Study outlines impact of child abuse on older men

Friday 15 August 2014 22.33
The study was carried out by the ESRI and Trinity College
The study was carried out by the ESRI and Trinity College

A new study has found that older male survivors of child sexual abuse are three times more likely than other men in Ireland to consider themselves too sick or disabled to work.

It also estimates that survivors live in much poorer-than-average households and are twice as likely as other men to be living alone.

Data for the ESRI and Trinity College study was collected four years ago by Trinity researchers.

Of the 8,500 residents surveyed aged between 50 and 65, one in 15 women and one in 18 men reported being sexually abused in childhood.

The authors calculate that male survivors are three times more likely than other men to consider themselves too sick or disabled to work.

For abused women, the work-related impact is too small to measure, possibly, the authors say, because older women are less likely to be part of the labour force.

The study also estimates that male survivors live in households with an income one-third below average and are twice as likely as other men to be living alone.

One of the authors, Professor Alan Barrett, expressed surprise at the severity of the impact of abuse more than three decades after it was inflicted.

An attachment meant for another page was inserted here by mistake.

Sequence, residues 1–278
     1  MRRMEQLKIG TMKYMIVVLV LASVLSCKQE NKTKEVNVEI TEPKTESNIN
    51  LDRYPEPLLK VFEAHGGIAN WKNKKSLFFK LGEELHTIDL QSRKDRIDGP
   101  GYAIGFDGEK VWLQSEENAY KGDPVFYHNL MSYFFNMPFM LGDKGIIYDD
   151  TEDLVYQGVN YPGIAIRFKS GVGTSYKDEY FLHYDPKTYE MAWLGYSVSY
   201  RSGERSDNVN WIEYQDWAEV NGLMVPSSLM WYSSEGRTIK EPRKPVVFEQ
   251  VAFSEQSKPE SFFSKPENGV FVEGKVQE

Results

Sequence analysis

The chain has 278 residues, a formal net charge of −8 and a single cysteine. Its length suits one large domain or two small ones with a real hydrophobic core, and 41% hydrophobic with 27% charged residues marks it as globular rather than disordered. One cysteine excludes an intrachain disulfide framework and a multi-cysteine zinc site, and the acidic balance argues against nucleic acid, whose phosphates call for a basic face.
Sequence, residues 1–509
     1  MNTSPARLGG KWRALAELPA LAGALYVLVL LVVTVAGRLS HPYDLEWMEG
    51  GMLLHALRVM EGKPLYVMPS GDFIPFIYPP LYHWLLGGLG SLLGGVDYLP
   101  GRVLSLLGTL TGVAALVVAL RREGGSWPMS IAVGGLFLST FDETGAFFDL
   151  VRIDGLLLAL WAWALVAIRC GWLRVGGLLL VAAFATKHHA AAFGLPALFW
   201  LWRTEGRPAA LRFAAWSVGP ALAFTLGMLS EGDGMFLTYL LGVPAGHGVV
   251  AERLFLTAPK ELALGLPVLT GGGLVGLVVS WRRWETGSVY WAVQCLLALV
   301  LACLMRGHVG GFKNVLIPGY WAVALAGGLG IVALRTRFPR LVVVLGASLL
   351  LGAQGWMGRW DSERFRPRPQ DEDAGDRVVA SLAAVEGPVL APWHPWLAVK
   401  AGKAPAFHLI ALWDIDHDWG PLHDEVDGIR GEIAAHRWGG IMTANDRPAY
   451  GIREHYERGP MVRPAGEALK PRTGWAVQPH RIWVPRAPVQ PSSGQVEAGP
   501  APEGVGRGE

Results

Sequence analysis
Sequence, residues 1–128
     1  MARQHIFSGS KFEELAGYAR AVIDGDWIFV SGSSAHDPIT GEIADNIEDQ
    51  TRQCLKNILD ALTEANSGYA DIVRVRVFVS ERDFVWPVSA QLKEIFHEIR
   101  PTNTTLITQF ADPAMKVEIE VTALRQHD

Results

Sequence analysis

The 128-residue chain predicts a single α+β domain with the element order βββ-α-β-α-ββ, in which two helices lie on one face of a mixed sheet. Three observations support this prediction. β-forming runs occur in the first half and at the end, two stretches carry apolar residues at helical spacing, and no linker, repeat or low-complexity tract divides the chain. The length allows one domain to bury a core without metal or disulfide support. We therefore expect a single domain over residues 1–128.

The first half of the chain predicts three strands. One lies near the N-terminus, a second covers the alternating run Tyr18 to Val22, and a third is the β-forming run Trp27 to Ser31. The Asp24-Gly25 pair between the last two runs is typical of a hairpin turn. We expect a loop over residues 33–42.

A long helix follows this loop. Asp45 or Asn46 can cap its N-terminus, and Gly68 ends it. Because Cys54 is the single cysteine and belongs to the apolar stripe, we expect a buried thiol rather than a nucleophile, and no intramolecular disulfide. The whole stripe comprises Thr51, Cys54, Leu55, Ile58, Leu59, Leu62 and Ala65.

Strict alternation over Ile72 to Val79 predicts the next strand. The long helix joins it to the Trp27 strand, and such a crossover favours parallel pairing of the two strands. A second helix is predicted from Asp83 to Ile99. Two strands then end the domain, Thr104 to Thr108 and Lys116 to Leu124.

He also said the findings quantify lost income and this could be used when calculating survivors' compensation.

Speaking on RTÉ's Morning Ireland, Prof Barrett said: "We're talking to people who are over 50, and the abuse happened when they were under 18, so a gap of 32 years has passed since the abuse occurred and yet we're finding that they're three times more likely to be out of the labour force because they're sick or disabled.

"Those are very large effects by any standard, but the fact that it has been so long after abuse occurred really highlights that it's a life-long sentence."

Prof Barrett said the quality of data used meant that researchers could take account of the effects of depression and anxiety to demonstrate the economic impact on survivors.

He said: "What we found is that childhood sexual abuse has an effect above and beyond the effects of depression and anxiety, so really what this said to us is that what we're dealing with is a very complex set of difficulties that arise as a result, so I'm not at all clear actually that our services are equipped with this very complex arrangement."